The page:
2.1. Synthetic Data

We generated synthetic data with two classes ( x n , y n ) according to
x n = r n cos ϕ n sin ϕ n + ϵ n x ϵ n y , y n { 1 , + 1 } ,
where r n = 1 if y n = 1 , and r n = 0.15 if y n = + 1 . ϕ n is linearly spaced in ( 0 , 2 π ] for each class, and ϵ n x , ϵ n y are samples drawn from a normal distribution with μ = 0 , σ = 1 . We are replicating the data already demonstrated for training an SVM by using a D-Wave QA described in [25]. Moreover, we have ( x n , y n ) , n = 1 , , 100 data points shown in Figure 1 (Left) and in Table 1.

2.2. Iris Data

Iris data consist of three classes (Iris Setosa, Iris Versicolour, and Iris Virginica), each of which has four features, namely sepal length, sepal width, petal length, and petal width. We consider a two-class dataset {Iris Setosa, Iris Versicolour} with a size of 100 data points, and each class is characterized by two features (sepal length, sepal width) shown in Figure 1 (Right) and Table 1.

2.3. Indian Pine HSI

An Indian Pine HSI obtained by the AVIRIS sensor comprises 16 classes; each class is characterized by 200 spectral bands (see Figure 2 (Left)). For simplicity, we use only two classes (see Table 2), and each class is characterized by two features instead of 200 spectral bands by exploiting Principal Component Analysis (PCA) [22].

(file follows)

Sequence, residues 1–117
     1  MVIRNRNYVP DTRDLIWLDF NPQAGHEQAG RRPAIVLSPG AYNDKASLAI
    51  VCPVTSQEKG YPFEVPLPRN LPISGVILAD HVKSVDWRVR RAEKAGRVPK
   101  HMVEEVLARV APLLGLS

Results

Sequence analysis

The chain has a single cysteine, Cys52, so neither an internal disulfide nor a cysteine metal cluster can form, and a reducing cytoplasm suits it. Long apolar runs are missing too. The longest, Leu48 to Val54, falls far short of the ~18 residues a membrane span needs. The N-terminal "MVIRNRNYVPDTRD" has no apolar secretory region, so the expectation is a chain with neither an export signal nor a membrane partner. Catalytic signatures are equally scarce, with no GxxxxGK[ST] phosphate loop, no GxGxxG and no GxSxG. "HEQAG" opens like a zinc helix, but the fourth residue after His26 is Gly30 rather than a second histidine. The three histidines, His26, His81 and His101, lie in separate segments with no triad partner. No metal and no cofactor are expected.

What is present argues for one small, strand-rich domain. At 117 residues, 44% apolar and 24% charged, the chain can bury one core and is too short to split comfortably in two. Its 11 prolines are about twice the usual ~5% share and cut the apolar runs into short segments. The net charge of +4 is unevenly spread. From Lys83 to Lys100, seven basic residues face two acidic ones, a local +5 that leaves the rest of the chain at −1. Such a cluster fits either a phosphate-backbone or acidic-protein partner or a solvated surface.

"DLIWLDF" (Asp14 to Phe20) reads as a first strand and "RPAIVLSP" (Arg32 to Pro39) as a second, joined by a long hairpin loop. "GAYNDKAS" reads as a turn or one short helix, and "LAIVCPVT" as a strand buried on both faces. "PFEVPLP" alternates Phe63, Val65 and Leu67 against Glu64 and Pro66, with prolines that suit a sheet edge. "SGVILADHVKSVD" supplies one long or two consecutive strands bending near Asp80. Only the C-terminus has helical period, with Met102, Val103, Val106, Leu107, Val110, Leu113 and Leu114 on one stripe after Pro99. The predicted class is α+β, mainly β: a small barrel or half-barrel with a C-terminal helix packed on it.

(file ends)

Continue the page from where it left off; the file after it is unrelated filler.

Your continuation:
2.4. PolSAR Image of San Francisco

Each pixel of our PolSAR image is characterized by a 2 × 2 scattering matrix as follows:
S = s H H s H V s V H s V V ,
where the first index of s i j , i , j { H , V } represents the polarization state of the incident polarized beam, and its second index represents the polarization state of the reflected polarized beam on targets. The off-diagonal elements of S are equal s V H = s H V since our PolSAR image of San Francisco is a fully-polarized PolSAR image obtained by a monostatic radar [26,27].
The incident/reflected polarized beam can be represented by its complex amplitude in a polarization basis { H ^ , V ^ } by
E 0 = E H 0 H ^ + E V 0 V ^ .
The complex amplitude vector can be expressed by a so-called Jones vector
J = E H 0 E V 0 = | E H 0 | e i ϕ H | E V 0 | e i ϕ V .
where ϕ i are the phases of the polarized states. Furthermore, the scattering matrix S expressed in (2) is a mapping such that
S : J i J r , J r = S J i ,
where J i , J r is an incident and a reflected Jones vector, respectively. In matrix form, (5) can be re-expressed as
E H 0 r E V 0 r = s H H s H V s V H s V V E H 0 i E V 0 i .
The intensity of the reflected Jones vector is defined by
J = E H 0 r E H 0 r * E H 0 r E V 0 r * E V 0 r E H 0 r * E V 0 r E V 0 r * = J H H J H V J V H J V V